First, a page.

Posted by OilVoice Press - OilVoice
Brazil's ethanol output is seasonal and typically peaks during the fourth quarter (October–December) of each year. The peak coincides with the harvest of sugarcane, the primary feedstock used in Brazil's ethanol production. This seasonal fuel ethanol production can lead to significant monthly variations in Brazil's total petroleum and other liquids production.
Because Brazil accounts for more than 60% of total petroleum and other liquids production in Central and South America, the seasonality in Brazil's ethanol output affects the entire region's production. EIA's Short-Term Energy Outlook, which publishes the monthly outlook for all production in the region, reflects this seasonality.
Brazil produced 3.36 million barrels per day (b/d) of petroleum and other liquids in 2017, of which nearly 20% were biofuels (0.56 million b/d). Most of Brazil's biofuel production comes from ethanol and, to a lesser extent, biodiesel. Brazil is the world's second-largest ethanol producer, behind the United States.
Production of ethanol and biodiesel in Brazil during the first three months of 2018 was higher than during the same period in 2017 because of low sugar prices. International sugar prices recently fell to their lowest levels since 2015, and as a result Brazilian sugar mills reduced sugar output and increased ethanol production, where demand has been rising.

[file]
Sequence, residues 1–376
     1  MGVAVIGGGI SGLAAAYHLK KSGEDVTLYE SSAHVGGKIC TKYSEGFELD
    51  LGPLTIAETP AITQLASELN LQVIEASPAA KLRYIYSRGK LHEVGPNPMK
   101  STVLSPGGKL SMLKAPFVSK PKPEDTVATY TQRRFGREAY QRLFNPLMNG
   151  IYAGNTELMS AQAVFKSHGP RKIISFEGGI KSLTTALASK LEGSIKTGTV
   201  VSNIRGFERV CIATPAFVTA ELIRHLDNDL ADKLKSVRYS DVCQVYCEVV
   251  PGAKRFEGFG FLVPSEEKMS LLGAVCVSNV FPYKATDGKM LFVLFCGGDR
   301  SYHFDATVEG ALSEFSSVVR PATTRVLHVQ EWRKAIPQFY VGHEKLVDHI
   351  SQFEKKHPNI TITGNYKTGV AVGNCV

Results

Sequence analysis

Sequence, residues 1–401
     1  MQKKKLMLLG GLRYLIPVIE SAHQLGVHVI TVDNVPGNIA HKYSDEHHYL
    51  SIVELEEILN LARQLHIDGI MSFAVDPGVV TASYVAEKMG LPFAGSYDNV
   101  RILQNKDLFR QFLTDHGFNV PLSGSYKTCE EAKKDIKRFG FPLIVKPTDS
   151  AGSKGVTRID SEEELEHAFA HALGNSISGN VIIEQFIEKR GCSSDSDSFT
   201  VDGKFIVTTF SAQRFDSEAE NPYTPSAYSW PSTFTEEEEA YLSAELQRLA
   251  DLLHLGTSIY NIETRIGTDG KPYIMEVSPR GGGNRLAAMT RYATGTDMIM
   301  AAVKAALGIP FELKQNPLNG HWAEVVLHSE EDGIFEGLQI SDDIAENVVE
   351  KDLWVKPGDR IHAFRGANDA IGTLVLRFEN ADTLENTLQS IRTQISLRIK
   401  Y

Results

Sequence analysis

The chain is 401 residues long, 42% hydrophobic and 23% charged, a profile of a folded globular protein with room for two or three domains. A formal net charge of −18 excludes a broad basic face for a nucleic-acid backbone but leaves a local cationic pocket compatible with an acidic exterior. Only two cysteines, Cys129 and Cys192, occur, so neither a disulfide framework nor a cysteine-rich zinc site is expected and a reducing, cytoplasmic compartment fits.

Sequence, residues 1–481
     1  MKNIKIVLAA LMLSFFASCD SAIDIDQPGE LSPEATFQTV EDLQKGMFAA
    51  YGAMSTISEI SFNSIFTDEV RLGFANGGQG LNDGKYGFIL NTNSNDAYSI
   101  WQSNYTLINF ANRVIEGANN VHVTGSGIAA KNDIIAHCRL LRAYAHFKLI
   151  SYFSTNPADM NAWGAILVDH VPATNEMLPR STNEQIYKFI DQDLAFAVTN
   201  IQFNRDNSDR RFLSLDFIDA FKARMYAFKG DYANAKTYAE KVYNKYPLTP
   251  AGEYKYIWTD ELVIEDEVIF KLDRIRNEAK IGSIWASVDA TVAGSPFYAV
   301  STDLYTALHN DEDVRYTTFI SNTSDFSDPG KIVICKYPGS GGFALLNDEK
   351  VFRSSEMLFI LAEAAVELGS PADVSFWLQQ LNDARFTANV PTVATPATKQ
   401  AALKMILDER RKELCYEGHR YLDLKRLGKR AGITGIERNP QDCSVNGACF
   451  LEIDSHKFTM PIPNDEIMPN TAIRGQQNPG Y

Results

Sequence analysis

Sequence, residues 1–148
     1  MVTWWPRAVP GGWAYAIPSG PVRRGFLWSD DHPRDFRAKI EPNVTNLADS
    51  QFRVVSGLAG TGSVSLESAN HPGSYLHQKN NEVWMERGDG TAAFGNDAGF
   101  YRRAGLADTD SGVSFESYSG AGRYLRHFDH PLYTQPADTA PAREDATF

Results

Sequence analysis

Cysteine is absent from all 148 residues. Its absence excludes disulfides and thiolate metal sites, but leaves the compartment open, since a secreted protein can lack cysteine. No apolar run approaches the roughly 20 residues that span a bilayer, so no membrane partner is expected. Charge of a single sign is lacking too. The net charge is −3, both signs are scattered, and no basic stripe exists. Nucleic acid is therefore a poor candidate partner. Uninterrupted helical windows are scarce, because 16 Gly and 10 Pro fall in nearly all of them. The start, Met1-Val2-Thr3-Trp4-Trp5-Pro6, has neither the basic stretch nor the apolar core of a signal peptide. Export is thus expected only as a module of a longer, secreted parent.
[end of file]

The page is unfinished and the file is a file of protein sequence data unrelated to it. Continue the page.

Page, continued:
The seasonality of sugarcane harvests means Brazil's ethanol production is often lowest from January through March. Brazil often uses ethanol imports, typically from the United States, to fill the supply gap during this period. In past years, droughts in Brazil led to lower sugarcane harvest yields and corresponding increases in Brazil's imports of ethanol to satisfy domestic demand.
In 2011, the combination of a relatively poor sugarcane harvest and high sugar prices resulted in lower ethanol production, which led to higher ethanol imports from the United States. U.S. fuel ethanol exports to Brazil increased in late 2017 and early 2018 in part because of U.S. ethanol pricing advantages and Brazil's increasing ethanol-blending mandates.
Principal contributor: Natalie Kempkey
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